A Whangārei principal says now is the Education Minister's chance to "put his money where his mouth is" as primary school educators prepare to strike for the second time this year.

Primary and intermediate school teachers and principals across the country have voted to walk out of their classrooms in the week starting Monday, November 12, with Northland educators striking on Tuesday, November 13.

The decision to strike follows a 10-day electronic ballot and comes after a national strike on August 15 and NZEI members' rejection of a second offer by the ministry in late September.

Pat Newman, Hora Hora Primary School principal and president of the Te Tai Tokerau Principals' Association, said teachers were ready.

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"I think the message I would give the Education Minister straight between his eyes is that it's all very well going and promising the world when he's in opposition, but now is his time to put his money where his mouth is.

"He cannot expect the teaching profession to carry on carrying the needs of the kids of New Zealand without adequate funding and adequate resourcing," he said.

Teachers and principals are asking for smaller classes so children can get more one-on-one attention; more resources and staffing to adequately support children with additional learning needs; a 16 per cent pay rise over two years, compared to the ministry's latest offer of 3 per cent over three years, to recruit and retain teachers; and more time to teach and lead.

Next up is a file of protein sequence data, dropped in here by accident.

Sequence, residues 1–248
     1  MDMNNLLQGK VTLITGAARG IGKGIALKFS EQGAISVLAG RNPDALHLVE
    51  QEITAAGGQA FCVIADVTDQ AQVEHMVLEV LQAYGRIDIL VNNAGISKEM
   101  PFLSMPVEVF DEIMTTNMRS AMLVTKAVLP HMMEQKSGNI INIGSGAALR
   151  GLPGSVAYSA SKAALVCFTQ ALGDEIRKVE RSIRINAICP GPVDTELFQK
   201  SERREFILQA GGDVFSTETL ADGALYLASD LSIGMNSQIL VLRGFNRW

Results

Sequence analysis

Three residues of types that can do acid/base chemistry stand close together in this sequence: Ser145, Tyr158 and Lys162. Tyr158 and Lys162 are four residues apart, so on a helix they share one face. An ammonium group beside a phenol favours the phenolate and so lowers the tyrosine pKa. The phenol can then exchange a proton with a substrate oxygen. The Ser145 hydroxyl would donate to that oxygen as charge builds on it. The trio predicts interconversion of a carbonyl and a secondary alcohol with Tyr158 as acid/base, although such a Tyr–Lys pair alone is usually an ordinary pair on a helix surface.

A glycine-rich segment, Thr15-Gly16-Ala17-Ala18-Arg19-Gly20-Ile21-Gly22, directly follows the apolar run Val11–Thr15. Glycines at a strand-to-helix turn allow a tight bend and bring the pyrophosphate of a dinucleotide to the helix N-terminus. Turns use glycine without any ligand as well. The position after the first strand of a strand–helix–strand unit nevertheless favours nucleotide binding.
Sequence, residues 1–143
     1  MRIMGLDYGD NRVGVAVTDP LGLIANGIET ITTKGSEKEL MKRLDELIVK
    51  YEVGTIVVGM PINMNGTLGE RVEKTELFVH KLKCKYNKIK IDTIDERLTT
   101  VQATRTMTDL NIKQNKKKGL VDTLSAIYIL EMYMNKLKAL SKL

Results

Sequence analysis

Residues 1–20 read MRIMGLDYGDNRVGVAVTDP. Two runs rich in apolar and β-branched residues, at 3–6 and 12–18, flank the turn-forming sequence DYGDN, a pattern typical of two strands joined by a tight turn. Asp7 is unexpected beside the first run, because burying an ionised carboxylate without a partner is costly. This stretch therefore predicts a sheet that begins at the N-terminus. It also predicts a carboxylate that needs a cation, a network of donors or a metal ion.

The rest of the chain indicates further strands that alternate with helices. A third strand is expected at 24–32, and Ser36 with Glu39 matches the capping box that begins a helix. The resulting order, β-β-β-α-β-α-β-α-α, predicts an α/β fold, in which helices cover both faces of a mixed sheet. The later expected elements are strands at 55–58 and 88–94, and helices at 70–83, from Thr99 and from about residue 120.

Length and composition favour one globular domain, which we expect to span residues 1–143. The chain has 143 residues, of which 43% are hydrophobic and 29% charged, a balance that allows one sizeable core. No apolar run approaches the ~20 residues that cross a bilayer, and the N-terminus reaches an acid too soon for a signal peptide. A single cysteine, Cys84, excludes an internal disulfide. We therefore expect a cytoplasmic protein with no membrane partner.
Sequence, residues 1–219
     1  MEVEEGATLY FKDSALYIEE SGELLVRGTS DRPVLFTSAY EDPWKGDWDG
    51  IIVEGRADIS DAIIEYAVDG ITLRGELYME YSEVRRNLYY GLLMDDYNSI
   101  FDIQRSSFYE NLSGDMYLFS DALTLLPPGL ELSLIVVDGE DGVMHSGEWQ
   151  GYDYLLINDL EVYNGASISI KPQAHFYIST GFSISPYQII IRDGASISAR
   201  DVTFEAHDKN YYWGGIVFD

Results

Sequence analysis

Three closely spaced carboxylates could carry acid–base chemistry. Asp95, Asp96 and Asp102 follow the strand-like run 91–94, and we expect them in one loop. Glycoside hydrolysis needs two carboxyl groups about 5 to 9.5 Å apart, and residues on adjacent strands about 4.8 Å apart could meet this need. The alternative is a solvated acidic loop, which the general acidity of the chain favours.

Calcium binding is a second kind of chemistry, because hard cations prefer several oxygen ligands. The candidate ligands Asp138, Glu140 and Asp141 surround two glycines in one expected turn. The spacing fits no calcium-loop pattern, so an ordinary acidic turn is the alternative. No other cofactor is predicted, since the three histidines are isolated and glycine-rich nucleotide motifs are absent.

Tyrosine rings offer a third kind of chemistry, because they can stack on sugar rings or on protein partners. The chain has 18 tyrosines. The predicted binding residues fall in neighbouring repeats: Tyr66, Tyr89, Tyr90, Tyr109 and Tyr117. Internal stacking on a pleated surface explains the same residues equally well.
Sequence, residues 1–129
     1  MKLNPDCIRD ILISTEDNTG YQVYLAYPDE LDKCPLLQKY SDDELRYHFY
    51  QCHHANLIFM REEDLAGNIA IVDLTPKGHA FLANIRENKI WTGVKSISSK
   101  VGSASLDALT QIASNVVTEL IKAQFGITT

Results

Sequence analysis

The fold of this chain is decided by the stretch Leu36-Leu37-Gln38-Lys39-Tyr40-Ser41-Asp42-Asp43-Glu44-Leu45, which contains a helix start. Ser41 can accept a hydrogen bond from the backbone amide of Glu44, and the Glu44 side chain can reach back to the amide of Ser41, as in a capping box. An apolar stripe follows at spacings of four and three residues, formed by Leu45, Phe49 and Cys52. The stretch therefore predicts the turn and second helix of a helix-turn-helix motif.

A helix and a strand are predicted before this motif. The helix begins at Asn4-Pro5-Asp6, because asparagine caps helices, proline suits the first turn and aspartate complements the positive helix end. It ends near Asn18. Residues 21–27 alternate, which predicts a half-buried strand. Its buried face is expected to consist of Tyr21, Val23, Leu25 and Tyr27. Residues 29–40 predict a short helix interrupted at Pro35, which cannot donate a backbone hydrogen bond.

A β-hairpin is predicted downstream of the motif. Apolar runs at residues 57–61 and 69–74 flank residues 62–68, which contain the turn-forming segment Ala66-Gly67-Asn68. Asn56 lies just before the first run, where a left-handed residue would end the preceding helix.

The Ministry of Education said following the results of the ballot, the ministry and union would urgently seek facilitated bargaining under the Employment Relations Act.

"This process will facilitate reaching settlements for primary principals and primary teachers," it said .

Meanwhile, Education Minister Chris Hipkins said there was still a lot of water to go under the bridge before the proposed industrial action was due to take place.

"The Government is pleased the Ministry of Education and the NZEI are urgently seeking facilitation under the Employment Relations Act. This will advance the process to help reach settlements with primary principals and teachers."